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I have heard this, but have no knowledge as to whether it is true. Here we go.

 

The commander of a ship is the Captain. Even if he is a JG in command of a PT boat, he is the Captain.

 

If there is another officer on board who's actual rank is Captain, he is given a temporary spoken promotion - Navy Captains referred to as Commodore, and Army, Marine or Air Force Captains referred to as Major. This way there would only be one Captain on the ship.

 

 

Truth, or urban legend?

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The "Captain" of a ship is always referred to as Captain, regardless of rank.

 

If there is an O-6 "Captain" onboard, they are referred to as Captain UNLESS they have another title such as "Commodore". 

 

On an aircraft carrier you're liable to have three to five O-6s onboard during a deployment.  These Captains do have other titles that they may be referred to, but in general speaking you're not wrong for simply calling them "Captain".  You may not know they're title or even what command they're with.

 

Even on the smaller ships I was on (LPD, DDG, LST and MHC), when an O-6 came aboard he was still referred to in conversation as "Captain".

 

I have never seen an officer referred to with a "temporary spoken promotion".  I've never even heard of such.  Doesn't mean it hasn't or doesn't happen, but...

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And just because a person is an O-6 Captain and the person that is the ship’s Captain might be if a lower rank it doesn’t mean the O-7 becomes the commander of the vessel. The “Captain” usually remains in command of the ship. 
 

Example:

An Admiral transfers aboard a ship captained by a Commander. The Commander still remains the “Captain” and is command of that vessel. Even if the Admiral is the Flag Officer of the fleet. The Admiral commands the fleet, the Commander “captains” the Flagship.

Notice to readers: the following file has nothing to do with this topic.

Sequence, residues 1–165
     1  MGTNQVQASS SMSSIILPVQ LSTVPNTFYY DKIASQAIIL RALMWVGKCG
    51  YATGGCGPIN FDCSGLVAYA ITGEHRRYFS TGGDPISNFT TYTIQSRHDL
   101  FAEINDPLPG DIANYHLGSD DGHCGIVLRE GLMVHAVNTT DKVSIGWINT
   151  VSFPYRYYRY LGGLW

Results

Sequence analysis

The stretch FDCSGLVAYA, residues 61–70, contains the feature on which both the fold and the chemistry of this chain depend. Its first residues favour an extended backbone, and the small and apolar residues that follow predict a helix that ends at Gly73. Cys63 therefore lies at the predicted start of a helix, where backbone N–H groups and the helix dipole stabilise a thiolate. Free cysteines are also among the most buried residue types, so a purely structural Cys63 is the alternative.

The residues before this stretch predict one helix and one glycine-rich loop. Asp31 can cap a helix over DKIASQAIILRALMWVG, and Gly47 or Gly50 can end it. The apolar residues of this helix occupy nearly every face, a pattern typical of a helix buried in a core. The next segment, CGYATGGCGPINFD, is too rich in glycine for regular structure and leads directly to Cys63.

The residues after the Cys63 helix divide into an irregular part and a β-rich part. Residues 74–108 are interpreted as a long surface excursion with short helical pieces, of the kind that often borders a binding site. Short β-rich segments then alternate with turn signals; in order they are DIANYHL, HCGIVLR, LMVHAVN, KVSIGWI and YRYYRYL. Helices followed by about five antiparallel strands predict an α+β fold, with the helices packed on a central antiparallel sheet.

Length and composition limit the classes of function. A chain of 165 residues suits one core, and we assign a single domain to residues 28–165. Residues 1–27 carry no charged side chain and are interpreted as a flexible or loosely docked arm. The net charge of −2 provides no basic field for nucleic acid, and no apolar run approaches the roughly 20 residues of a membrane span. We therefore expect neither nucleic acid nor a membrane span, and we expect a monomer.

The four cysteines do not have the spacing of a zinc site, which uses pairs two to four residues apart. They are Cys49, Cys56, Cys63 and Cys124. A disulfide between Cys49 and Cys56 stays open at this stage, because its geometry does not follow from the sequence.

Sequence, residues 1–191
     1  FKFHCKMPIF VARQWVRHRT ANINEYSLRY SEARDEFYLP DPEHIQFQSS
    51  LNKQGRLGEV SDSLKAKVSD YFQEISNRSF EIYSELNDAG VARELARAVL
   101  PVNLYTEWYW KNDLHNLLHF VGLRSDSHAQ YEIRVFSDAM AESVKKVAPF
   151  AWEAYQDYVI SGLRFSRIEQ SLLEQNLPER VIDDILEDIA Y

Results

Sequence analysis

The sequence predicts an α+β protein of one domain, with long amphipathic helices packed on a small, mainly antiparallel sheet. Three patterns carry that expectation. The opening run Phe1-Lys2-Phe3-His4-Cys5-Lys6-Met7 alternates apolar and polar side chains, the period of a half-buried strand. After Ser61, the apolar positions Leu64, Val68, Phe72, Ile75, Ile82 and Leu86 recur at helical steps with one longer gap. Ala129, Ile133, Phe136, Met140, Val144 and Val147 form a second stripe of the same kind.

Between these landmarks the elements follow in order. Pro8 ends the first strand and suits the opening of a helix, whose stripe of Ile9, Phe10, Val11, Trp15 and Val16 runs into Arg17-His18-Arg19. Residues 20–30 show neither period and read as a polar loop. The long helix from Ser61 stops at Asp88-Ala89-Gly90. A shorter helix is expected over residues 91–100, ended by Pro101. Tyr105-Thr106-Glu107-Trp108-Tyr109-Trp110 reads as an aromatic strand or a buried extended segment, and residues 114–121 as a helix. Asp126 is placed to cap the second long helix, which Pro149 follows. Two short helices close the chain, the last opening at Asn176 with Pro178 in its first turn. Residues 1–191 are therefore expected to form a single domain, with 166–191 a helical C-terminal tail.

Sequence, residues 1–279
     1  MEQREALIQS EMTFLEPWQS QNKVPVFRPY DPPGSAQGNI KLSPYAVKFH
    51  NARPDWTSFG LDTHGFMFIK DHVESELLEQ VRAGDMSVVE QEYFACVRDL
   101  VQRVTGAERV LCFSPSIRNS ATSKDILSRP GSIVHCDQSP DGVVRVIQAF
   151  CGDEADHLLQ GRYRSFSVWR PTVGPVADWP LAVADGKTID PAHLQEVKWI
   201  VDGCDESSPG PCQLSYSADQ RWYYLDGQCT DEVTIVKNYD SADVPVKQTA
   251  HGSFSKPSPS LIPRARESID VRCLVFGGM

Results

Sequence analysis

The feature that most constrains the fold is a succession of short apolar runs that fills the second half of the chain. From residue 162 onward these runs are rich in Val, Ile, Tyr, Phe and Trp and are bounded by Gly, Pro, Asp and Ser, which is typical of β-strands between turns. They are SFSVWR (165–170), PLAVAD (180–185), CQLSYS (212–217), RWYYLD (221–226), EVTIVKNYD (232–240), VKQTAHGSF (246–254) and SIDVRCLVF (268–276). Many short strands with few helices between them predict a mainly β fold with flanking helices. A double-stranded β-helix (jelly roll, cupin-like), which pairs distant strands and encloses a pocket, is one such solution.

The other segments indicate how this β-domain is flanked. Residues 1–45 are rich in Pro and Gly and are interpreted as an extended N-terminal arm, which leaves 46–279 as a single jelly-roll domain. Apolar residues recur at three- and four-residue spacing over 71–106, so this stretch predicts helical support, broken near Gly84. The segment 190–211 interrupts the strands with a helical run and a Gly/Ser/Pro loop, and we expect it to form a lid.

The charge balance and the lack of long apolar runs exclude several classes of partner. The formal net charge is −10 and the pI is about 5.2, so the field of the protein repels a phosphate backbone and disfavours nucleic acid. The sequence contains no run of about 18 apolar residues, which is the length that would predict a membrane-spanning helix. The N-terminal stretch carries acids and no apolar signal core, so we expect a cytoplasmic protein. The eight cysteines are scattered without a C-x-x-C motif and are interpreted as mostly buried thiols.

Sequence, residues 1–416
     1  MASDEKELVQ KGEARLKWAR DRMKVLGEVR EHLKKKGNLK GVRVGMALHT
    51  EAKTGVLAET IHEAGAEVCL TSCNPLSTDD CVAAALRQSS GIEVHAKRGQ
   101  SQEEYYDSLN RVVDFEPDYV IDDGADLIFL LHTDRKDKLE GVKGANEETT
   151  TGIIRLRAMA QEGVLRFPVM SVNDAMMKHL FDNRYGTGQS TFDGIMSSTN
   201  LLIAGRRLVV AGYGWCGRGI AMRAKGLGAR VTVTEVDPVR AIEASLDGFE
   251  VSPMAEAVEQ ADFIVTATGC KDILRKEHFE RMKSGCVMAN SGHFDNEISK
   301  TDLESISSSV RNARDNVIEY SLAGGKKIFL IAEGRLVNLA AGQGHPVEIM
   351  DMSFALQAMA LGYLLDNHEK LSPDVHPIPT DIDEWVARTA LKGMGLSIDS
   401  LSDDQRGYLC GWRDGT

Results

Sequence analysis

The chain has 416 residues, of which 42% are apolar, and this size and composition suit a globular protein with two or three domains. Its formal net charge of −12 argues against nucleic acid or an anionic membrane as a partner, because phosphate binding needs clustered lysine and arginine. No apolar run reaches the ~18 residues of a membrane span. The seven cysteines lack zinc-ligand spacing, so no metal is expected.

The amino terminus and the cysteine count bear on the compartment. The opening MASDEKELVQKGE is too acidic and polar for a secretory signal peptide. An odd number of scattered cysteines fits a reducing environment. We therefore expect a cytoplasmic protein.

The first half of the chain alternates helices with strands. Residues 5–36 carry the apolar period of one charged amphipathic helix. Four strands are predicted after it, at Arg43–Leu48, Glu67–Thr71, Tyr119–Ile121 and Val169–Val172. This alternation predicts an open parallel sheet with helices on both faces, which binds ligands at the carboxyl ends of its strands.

Clear as mud?

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I was a Tank Commander, it was a simpler time. Also, we did little with water except muddy water. ...So I was a brown water navy man?!

Armor-Land Subs

 

Imis

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1 hour ago, Imis Twohofon,SASS # 46646 said:

...So I was a brown water navy man?!

Armor-Land Subs

 

Imis

No.

 

Brown water Navy.

Vietnam-era

The Swift Boats of the Brownwater Navy in Vietnam | Vietnam war photos, Brown  water navy, Vietnam

Current-era

Navy punishes four sailors who were detained by Iran

Edited by Chief Rick
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20 minutes ago, Birdgun Quail, SASS #63663 said:

I heard of an Army Major dressing down a Captain over the phone ....until the Major found out he was talking to a Navy Captain. 

Life does have its difficulties.

Saw an Army Private call a Navy Captain “Colonel” in an airport. He got an education about learning ranks real quick right there at the ticket counter in front of everyone. Saying “How’s it going kernel?” Is probably something he never did again and remembers to this day. 

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57 minutes ago, Birdgun Quail, SASS #63663 said:

I heard of an Army Major dressing down a Captain over the phone ....until the Major found out he was talking to a Navy Captain. 

Life does have its difficulties.

 

A friend of my in-laws, who ended up retiring as an O-6 from the Marine Reserve, was on a naval base when he was an O-3 Captain. As I recall he and my mother-in-law telling the story, he called the Officers Club to see if he could arrange a table for six for him my in-laws that were visiting along with a couple of others. He gave his name as Captain Smith. He was as shocked as the staff was when they arrived to find everything in a private area that was arranged for a Navy Captain, including, evidently the tableware.